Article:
delivered the opinion of the court:
Daniel Slaughter, hereinafter “defendant,” was indicted in Lake County for the theft of a Chevrolet truck. After a jury trial the defendant was found guilty of theft and was sentenced to a one- to three-year term.
On appeal, defendant presents two issues for review: (1) Whether he was denied a fair trial by the trial court’s admission of testimony concerning a pistol found in the glove compartment of the truck at the time it was repossessed; and (2) Whether he was denied a fair trial where the court prevented him from offering testimony material to his defense.
The defendant does not question the sufficiency of the evidence. However, it is necessary for a disposition of the issues raised that the pertinent testimony be set forth in this opinion. The defendant and his girlfriend, Susan Weinberg, filled out a retail order form in Weinberg’s name for a 3/4-ton, four-door pickup truck at Bernard Chevrolet in Libertyville, Illinois, on June 7, 1975. Bernard’s finance officer, Jim Winterick, agreed to a *1,003.10 downpayment on the truck, which left a balance of *5,990. Bernard also agreed to install a rear step bumper and platform hitch on the truck. Winterick then transmitted the credit application Weinberg had filled out to the Libertyville National Bank.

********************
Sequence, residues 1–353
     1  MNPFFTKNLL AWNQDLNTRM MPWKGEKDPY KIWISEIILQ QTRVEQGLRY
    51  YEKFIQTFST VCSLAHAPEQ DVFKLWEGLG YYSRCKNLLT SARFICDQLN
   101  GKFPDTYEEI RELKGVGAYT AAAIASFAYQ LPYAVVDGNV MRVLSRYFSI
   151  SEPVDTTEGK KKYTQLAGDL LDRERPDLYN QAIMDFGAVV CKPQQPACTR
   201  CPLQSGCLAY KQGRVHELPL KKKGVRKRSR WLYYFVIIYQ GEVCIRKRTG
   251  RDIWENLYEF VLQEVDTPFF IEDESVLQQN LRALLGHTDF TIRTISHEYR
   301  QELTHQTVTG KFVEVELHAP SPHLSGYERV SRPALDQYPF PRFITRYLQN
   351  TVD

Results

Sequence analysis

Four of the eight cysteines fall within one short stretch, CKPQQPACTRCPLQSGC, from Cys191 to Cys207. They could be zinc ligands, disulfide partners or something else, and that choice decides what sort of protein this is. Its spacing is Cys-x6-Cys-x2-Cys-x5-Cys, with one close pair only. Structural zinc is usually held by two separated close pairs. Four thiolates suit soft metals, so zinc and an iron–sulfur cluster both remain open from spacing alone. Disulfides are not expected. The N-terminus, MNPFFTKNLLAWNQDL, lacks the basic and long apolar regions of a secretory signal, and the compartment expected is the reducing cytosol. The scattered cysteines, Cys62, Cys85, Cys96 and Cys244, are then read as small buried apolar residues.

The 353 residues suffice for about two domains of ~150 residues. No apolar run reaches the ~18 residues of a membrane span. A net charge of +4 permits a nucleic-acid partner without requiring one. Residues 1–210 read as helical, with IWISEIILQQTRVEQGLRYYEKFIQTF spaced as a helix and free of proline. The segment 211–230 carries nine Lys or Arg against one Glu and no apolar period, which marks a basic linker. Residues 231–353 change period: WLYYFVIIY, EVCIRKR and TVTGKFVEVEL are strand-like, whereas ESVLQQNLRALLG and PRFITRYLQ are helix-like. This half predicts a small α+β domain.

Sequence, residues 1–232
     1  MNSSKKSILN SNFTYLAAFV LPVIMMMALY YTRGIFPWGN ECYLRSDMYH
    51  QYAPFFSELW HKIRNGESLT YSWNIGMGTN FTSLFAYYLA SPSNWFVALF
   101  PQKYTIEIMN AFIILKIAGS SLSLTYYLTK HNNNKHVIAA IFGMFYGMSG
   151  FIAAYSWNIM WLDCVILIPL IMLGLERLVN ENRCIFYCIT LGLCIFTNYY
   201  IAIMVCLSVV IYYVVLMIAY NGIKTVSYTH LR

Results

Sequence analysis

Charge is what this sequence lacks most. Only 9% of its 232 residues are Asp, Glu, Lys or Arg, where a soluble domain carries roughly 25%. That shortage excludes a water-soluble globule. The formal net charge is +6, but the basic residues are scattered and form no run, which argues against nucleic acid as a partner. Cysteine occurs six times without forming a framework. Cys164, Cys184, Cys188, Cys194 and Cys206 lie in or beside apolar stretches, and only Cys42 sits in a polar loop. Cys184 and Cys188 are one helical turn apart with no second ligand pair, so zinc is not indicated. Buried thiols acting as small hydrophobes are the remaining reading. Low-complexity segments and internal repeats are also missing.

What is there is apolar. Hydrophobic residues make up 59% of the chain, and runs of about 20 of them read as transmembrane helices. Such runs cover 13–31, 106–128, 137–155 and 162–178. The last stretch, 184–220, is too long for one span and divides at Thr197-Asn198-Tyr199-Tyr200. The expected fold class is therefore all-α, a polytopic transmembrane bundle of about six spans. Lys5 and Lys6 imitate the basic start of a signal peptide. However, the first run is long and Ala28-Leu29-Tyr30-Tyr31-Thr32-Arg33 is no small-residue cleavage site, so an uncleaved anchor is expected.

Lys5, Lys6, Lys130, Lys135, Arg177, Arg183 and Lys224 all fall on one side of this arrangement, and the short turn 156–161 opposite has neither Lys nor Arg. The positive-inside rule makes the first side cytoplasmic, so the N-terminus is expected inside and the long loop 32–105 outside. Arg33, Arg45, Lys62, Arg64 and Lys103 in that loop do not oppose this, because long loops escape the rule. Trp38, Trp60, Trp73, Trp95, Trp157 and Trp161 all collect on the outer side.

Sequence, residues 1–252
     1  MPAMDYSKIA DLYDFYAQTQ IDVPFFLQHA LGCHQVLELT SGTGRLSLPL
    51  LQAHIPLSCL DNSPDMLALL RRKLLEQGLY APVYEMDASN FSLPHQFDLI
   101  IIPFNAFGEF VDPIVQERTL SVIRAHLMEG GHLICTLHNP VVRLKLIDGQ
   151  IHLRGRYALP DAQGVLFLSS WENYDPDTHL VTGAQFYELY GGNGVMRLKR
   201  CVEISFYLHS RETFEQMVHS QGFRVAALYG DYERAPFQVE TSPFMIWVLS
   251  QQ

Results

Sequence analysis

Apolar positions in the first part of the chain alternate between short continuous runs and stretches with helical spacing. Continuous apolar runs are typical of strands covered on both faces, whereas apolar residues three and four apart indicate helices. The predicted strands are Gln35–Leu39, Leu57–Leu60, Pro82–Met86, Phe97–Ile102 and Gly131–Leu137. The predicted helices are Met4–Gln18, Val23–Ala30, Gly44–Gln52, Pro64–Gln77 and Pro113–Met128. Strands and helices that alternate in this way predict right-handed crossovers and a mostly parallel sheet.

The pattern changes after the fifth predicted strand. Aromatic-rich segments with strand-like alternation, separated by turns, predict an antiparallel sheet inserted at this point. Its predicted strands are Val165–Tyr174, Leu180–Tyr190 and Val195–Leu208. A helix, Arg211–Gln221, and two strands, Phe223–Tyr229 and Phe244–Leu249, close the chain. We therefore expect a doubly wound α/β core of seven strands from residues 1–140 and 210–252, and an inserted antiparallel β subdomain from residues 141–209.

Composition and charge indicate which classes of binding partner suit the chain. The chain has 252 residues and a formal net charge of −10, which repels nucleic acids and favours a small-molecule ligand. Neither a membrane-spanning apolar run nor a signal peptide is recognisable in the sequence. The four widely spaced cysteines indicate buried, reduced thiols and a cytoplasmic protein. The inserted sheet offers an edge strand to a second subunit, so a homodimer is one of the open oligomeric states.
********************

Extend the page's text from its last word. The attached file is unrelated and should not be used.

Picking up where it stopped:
On June 10, 1975, the defendant and Weinberg returned to Bernard, and the truck was sold for *6,993.10. Winterick informed the defendant that day that Weinberg’s credit application had been approved, but the downpayment had been increased to *1,500. Weinberg then signed the retail installment contract for the truck and defendant made the downpayment with a *1,500 check drawn on the Gurnee National Bank. The defendant then drove away with the truck. On June 20, defendant’s check was returned to Winterick, stamped N.S.F. The defendant assured Winterick, when he was informed of the situation, that he would bring him a certified check or cash for *1,500 later in the day. However, the *975defendant made no appearance, and Winterick asked a repossession firm to recover the truck.
On June 22,1975, the defendant called Winterick again, and Winterick advised him to return the truck or give it to the repossessors. Defendant promised to bring the money over that day, but again he did not do so. Defendant also informed Winterick that a brake or bearing had malfunctioned, and Winterick told the defendant that the required repairs would be made if the defendant made the downpayment. Winterick also stated that the defendant never tendered the $1,500 to Bernard.